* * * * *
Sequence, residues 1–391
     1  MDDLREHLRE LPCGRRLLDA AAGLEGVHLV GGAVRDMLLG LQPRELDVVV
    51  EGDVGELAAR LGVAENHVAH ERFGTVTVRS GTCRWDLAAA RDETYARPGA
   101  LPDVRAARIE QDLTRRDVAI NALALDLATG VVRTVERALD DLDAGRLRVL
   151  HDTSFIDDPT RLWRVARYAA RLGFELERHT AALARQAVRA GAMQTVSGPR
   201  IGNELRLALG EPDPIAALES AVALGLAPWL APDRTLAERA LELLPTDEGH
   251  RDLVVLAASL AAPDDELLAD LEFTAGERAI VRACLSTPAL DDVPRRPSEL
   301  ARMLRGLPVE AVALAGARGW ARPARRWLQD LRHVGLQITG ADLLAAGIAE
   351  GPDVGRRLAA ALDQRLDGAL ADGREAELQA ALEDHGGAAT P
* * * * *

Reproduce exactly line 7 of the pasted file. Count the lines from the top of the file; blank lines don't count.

   251  RDLVVLAASL AAPDDELLAD LEFTAGERAI VRACLSTPAL DDVPRRPSEL